Friday, November 16, 2018

The Leeds Method May Have Solved a Big Family Puzzle

This method makes cousin connections clearer than black and white.

Earlier this week I gave up hope of meeting one of my 2018 Genealogy Goals because it was too broad and may never happen.

That goal: To find out why my parents share DNA. There's a set of ancestors in my tree that ties my father's and my mother's families together.

But now I have a fighting chance of meeting that goal this year.

A friend pointed me to The Leeds Method created by Dana Leeds. To read all about it:
I jumped right in and used Dana Leeds' color clustering method with my DNA match list from Ancestry.com. In the first column I added my parents' names with a 0 in front of them. I added my one 1st cousin who took the test, with a 1 in front of his name. And I added 3rd cousins with a 3 and 4th cousins (the first page's worth) with a 4.

The numbers allowed me to sort the names by relationship and then alphabetically. In the end, I used this method on 104 people.

Assigning colors to your DNA matches reveals hidden treasures.
Assigning colors to your DNA matches reveals hidden treasures.
What you'll do is pick one of your matches and see which matches they share with you. In one column, give that person and all their shared matches a unique color. Find the next person in your list without a color and view their shared matches. This time, in a new column, give this person and their shared matches another unique color.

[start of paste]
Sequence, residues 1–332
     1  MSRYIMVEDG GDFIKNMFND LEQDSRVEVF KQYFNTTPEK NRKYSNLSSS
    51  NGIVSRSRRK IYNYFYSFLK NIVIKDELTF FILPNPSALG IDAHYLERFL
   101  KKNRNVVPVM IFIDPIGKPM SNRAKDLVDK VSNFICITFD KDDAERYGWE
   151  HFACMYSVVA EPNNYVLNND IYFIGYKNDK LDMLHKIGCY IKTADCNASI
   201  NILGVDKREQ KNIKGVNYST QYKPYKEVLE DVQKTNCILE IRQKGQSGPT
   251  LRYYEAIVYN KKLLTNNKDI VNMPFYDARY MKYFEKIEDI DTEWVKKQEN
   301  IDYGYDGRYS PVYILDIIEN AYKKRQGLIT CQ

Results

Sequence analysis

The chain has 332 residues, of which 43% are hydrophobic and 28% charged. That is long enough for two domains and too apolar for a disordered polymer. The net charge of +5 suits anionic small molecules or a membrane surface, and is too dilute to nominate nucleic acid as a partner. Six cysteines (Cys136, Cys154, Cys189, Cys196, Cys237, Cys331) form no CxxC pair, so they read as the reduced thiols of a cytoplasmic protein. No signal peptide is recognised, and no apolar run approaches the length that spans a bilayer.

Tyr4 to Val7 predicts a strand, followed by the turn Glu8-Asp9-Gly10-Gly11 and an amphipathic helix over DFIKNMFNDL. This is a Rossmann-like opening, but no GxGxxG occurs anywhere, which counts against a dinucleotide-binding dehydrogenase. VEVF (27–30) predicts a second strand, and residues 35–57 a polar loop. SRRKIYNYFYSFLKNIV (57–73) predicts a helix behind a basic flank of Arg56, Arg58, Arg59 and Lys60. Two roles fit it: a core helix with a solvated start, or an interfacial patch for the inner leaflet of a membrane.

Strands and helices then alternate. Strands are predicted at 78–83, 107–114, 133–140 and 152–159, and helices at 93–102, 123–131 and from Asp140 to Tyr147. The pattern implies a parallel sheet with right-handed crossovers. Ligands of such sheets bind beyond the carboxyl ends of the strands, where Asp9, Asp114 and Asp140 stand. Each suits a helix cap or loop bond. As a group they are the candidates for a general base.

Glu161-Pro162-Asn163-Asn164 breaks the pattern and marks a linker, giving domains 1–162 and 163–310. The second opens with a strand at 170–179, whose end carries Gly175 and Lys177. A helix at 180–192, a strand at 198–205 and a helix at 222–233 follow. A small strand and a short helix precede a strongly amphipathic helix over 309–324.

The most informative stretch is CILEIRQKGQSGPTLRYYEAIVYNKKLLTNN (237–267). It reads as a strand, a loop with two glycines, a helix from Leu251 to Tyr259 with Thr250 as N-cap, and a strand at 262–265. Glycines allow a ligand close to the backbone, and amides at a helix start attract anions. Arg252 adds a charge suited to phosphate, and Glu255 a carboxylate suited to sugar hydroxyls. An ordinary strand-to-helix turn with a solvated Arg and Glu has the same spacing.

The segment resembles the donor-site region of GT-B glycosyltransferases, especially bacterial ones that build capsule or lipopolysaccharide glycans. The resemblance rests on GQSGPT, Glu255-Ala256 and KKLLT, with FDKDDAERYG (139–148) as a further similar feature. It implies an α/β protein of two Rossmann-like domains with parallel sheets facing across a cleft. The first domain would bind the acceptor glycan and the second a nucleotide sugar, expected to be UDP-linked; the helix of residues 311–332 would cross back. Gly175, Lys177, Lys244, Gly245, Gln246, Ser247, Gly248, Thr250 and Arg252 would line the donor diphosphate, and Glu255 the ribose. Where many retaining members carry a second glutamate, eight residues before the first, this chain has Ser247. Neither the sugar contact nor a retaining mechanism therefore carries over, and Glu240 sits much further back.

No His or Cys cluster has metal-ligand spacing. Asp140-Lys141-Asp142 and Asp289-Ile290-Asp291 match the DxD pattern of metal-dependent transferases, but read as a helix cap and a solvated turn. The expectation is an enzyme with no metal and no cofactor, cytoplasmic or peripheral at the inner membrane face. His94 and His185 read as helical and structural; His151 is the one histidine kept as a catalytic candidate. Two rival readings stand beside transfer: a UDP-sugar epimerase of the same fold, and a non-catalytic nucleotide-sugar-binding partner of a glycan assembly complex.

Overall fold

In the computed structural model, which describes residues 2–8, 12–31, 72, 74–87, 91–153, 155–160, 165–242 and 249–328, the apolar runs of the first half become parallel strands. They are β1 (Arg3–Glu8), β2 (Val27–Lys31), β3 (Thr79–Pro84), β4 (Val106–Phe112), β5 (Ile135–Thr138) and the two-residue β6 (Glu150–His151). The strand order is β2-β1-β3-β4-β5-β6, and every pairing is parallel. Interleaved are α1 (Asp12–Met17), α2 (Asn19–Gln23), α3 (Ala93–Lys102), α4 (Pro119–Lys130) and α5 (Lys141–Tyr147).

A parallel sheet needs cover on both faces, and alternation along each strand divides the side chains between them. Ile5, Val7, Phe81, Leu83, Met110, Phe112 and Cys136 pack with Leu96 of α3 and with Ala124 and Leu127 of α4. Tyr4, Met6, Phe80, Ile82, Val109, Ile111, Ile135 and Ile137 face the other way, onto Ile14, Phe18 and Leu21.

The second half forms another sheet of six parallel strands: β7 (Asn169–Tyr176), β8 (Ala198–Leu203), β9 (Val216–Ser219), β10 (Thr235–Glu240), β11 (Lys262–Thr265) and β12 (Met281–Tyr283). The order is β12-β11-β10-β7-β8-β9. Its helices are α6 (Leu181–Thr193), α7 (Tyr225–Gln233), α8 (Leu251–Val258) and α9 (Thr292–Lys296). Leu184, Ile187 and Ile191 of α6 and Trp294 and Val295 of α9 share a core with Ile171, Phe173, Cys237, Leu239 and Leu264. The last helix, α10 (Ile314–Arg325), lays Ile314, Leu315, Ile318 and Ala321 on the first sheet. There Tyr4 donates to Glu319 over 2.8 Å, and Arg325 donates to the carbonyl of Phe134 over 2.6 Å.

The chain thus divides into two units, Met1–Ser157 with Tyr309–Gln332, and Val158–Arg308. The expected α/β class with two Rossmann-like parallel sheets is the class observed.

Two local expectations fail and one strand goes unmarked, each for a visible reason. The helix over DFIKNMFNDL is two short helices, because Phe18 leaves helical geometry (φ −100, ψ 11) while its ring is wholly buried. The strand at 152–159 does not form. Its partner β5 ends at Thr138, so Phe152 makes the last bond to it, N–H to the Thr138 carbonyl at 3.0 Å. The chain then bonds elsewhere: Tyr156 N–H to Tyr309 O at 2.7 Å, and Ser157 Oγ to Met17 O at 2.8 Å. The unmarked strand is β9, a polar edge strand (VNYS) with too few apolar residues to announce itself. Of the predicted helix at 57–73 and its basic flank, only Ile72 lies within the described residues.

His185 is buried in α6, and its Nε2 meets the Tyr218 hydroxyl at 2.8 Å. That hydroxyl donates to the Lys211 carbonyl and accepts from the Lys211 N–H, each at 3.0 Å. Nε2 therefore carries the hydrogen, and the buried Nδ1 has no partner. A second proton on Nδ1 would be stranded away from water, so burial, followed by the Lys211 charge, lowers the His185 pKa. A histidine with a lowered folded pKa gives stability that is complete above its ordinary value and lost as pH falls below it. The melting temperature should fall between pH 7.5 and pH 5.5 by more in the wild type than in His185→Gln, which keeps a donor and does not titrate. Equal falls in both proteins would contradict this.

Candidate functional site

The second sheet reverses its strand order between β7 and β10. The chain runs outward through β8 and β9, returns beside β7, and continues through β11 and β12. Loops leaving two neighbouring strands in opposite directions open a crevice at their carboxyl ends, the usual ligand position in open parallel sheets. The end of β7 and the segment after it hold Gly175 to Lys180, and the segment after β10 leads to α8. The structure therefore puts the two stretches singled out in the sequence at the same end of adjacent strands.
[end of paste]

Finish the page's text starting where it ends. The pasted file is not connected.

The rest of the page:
I was seeing a lot of blue (my dad) and green (my mom). But it wasn't until my 10th round of adding colors to shared matches that I saw something amazing.

Three people out of 104 had both green and blue. They were a match to both my mom and my dad.

This is a breakthrough!

Of those 3 people, only 1 has a tree online. I saw lots of familiar last names from my paternal grandfather's hometown. So I wrote to the person who owned the tree. She administers the DNA test for 1 of the 3 important matches.

She told me that the DNA test was for her paternal grandmother, and that I must be a match to her father, too. Yes, I am! Her father is also 1 of the 3 matches. From what she told me, the 2 most important last names tying us together are Zeolla and Pozzuto.

As I explored her tree, I saw that facts weren't sourced, but I have all the vital records from that town on my computer. So I can look up people's birth, marriage and death facts.

After a while, climbing up and across this tree, I found this one couple. Nicolangelo Zeolla and Giovannangela Pozzuto were the parents of someone in this tree. Nicolangelo and Giovannangela are my 4th great grandparents!

The Leeds Method helped me identify a potential shared branch for my parents.
The Leeds Method helped me identify a potential shared branch for my parents.
If I hadn't tried plotting the colors as suggested by The Leeds Method, I might never have found the right branch to research.

So where do I take this lead? I'm scouring the town's vital records for births and marriages of children in this family. I'll keep building out the individual families.

I hope I'm going to find a marriage of someone from this gene pool to someone with a last name from my mom's side of the family.

I'm more motivated than ever to find that cousin connection between my parents. And now, it really looks like a goal I can reach.


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2 comments:

  1. I have to sit down and try this. I found it confusing the first time I read it.

    ReplyDelete
    Replies
    1. I was confused, too, and probably misread Dana Leeds' instructions twice. But I dove in with adding colors, and suddenly, a breakthrough.

      Delete

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